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I made my way to the clerk's office, where a small group of friends and a large group of media was gathered.  Melissa told me that Ellen and Shelly were filling out paperwork, and she directed all the invited guests (the "wedding party") into the Betsy Marchand Room, a small room where weddings were held.

WeddingPhotog.jpg (30984 bytes)It was a small group, as Ellen said, about 10 people.  And then another 10 or so media, cameras, etc.  Lemme tell you...by the end of the day I know how Angelina and Brad feel. There were several "friendly" media people (people with whom Ellen and Shelly had a good relationship), and then a host of cameras and reporters from other media, who weren't invited in, but who waited in the hall and photographed through the window.

And of course everyone in the room, whether media or not, had a camera.

As time passed before the ceremony actually began, the temperature of the room began to rise, until it started to reach the condition of a sauna.  But we didn't care.  We were there to celebrate a happy occasion.  Shelly & Ellen's friend had made lots and lots of white ribbons for people to wear and passed them out generously to everyone.

Ellen's daughter, Laura, was able to be in attendance.  She's a wonderful singer and sang one song before the ceremony started.

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That got everyone in a very emotional mood,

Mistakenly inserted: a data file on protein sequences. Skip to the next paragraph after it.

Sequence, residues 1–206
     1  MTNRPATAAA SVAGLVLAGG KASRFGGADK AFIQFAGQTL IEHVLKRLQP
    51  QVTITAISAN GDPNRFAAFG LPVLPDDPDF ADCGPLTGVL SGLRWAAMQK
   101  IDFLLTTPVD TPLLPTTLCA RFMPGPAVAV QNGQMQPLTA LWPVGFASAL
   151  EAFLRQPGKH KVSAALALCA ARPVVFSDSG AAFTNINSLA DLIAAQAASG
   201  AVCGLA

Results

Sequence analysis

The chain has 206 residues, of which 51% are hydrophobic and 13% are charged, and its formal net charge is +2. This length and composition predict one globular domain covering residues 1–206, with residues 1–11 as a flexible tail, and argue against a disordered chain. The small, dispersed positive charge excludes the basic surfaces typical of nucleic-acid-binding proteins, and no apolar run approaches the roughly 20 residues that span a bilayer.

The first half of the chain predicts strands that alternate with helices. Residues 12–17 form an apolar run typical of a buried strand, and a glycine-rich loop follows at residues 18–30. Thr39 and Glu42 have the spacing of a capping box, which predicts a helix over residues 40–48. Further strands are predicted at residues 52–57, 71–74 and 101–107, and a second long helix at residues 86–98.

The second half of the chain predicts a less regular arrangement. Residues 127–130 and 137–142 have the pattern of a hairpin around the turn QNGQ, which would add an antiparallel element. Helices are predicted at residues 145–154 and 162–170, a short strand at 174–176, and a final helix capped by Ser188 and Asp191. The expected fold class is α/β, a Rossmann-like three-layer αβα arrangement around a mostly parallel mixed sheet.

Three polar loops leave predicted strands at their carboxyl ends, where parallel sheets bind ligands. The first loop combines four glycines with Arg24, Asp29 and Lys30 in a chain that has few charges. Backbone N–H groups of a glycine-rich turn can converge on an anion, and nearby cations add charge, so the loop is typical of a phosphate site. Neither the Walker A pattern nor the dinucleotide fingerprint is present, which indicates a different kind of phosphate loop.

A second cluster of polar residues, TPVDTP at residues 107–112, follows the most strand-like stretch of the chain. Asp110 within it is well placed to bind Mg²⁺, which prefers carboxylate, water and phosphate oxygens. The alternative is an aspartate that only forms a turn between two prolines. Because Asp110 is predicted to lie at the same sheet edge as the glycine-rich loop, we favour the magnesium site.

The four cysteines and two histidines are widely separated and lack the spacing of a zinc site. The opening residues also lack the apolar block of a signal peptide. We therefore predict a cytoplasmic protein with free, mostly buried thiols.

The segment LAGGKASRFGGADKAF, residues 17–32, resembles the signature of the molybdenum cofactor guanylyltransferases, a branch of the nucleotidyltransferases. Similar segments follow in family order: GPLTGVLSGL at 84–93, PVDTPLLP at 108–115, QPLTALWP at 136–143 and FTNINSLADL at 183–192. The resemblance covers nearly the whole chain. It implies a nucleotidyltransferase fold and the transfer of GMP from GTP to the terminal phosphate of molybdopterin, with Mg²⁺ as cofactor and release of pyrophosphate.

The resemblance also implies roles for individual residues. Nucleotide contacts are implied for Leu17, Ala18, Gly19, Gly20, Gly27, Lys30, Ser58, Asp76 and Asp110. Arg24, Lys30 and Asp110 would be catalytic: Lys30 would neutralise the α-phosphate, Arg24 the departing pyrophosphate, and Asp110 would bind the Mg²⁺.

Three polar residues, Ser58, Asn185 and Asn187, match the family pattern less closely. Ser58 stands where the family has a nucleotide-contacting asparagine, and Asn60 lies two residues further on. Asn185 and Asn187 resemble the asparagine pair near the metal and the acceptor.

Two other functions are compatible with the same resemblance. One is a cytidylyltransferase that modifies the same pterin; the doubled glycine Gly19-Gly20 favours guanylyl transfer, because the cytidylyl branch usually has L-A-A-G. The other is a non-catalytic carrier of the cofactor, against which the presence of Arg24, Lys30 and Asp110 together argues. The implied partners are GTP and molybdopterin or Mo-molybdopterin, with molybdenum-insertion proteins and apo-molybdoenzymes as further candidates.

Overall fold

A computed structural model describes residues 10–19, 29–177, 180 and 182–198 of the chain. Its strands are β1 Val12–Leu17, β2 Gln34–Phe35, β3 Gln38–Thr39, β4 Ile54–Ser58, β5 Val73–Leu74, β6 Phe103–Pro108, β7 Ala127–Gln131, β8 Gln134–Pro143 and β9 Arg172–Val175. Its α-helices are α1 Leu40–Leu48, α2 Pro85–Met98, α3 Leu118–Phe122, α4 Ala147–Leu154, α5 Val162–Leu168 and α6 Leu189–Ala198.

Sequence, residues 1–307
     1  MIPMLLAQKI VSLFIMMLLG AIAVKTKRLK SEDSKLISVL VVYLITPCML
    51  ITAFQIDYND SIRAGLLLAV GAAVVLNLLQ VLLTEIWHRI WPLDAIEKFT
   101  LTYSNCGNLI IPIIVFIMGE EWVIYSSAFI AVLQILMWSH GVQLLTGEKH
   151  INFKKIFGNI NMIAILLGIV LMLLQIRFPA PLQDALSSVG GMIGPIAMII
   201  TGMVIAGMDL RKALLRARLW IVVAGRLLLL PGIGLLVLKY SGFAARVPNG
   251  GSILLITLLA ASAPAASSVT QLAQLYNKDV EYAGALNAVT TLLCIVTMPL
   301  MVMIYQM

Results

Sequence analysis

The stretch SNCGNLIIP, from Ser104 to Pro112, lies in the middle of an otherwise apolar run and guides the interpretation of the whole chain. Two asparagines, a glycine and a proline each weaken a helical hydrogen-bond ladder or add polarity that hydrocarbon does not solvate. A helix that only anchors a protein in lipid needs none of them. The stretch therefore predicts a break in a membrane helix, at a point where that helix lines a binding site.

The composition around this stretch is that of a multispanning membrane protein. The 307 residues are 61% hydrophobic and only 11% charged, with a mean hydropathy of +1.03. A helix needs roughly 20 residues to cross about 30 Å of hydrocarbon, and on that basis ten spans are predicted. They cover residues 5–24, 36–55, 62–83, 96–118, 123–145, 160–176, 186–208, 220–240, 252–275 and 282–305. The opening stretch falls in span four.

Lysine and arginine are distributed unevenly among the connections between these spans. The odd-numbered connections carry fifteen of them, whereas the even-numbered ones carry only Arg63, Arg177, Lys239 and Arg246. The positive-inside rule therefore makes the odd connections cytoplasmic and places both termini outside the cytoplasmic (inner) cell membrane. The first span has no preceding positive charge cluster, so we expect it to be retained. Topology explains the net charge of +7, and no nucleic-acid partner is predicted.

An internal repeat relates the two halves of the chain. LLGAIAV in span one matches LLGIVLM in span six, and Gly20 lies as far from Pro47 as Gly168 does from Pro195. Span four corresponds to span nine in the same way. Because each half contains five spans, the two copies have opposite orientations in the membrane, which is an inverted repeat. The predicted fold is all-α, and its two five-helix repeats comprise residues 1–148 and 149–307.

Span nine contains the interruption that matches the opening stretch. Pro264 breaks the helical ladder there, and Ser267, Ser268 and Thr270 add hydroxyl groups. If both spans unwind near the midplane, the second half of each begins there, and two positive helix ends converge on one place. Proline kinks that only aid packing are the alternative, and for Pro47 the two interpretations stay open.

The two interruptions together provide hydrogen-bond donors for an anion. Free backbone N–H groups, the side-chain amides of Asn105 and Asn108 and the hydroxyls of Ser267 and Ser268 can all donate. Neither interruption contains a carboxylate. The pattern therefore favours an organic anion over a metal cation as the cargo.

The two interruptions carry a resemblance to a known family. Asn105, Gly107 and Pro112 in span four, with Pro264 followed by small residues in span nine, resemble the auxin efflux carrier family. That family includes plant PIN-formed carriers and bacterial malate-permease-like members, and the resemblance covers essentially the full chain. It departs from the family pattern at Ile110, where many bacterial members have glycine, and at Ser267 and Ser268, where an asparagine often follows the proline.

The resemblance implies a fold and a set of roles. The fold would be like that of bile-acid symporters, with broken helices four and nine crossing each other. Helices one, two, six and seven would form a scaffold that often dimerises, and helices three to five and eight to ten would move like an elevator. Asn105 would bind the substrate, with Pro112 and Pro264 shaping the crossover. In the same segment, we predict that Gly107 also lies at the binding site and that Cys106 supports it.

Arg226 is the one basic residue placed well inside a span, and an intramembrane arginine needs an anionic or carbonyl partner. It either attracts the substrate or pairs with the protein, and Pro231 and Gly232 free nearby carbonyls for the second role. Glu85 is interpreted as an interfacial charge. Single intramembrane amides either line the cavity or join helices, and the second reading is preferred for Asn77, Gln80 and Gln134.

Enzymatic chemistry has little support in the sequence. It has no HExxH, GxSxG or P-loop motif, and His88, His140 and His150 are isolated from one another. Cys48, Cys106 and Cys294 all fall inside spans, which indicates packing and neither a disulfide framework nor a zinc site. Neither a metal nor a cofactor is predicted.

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Finally the ceremony started.  County Recorder Freddie Oakley (who kept her promise of many years ago, to pay for the license for Ellen and Shelly when gay marriage became legal in California) started by invalidating the certificate of inequality she sadly gave to them a year ago, on Valentine's Day, when they made their yearly application for a marriage license.  Then she gave glowing credit to the fairness of the Republican majority Supreme Court, which "believes, nevertheless, that human equality is a matter that goes beyond the bonds of party loyalty and really attaches to persons based on their constitutional rights."

Laura sang another song and then, after a bit of a wait caused by a printer glitch, Freddie said the magic words and they were legally married in the state of California.

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There were tears and cheers and hugs and applause and continual cameras clicking.  Laura whipped out a shirt to put on.

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And then we retired to the courthouse lobby, where there was champagne and wedding cake and all those photograhers.